Edited By Andrzej Bator, Zbigniew Pulka and Jan Burzyński
Post-analytical philosophy of law departs from the traditional view which considers philosophical cognition merely as a sense-making and optimizing activity. It also questions the apparently universal and objective character of the theorems put forward by existing analytical philosophy. Just like every scientific trend whose name is supplemented with the "post" prefix, it does not break with its past, but rather seeks to critically revisit its established achievements. The main goal of post-analytical philosophy is no longer to impose a conceptual structure upon chaos in the realm of legal and political phenomena. Rather, it seeks to deconstruct the analytical, both philosophical and legal, narrative to expose it as a collection of schemes which oversimplify – if not mystify – the legal and political reality. This kind of diagnosis paves the way towards the construction of a positive program of post-analytical philosophy of law, which the focus of this book.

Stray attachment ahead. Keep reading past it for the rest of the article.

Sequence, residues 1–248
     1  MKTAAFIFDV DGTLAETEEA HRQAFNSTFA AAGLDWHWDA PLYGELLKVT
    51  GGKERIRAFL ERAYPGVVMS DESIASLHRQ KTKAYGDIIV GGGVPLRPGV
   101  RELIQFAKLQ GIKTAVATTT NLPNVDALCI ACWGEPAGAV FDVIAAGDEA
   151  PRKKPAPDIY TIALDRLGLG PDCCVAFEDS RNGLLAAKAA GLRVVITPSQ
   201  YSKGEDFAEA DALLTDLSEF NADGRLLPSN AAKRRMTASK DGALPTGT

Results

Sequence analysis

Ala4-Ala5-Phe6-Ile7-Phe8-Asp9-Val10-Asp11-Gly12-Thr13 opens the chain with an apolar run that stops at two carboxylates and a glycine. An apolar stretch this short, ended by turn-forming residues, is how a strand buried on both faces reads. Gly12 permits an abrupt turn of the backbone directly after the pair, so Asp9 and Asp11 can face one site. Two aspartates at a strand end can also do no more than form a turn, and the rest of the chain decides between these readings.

About the editors
Andrzej Bator is Professor at the University of Wroclaw and Head of the Department of Theory and Philosophy of Law. In his research, he deals with the problems of analytical theory of law. He has published on the use of a legal norm in the regulation of economic relations, competence in law and jurisprudence, as well as legal theory and philosophy of law.
Zbigniew Pulka is Professor at the University of Wroclaw. After graduating in law in 1977, he has been employed at the University of Wroclaw in the Department of Theory and Philosophy of Law. His main research interests include the concept of the system of law, epistemology of law and methodology of jurisprudence. He is a member of the International Association for the Philosophy of Law and Social Philosophy (IVR) and the Animal Rights Association.
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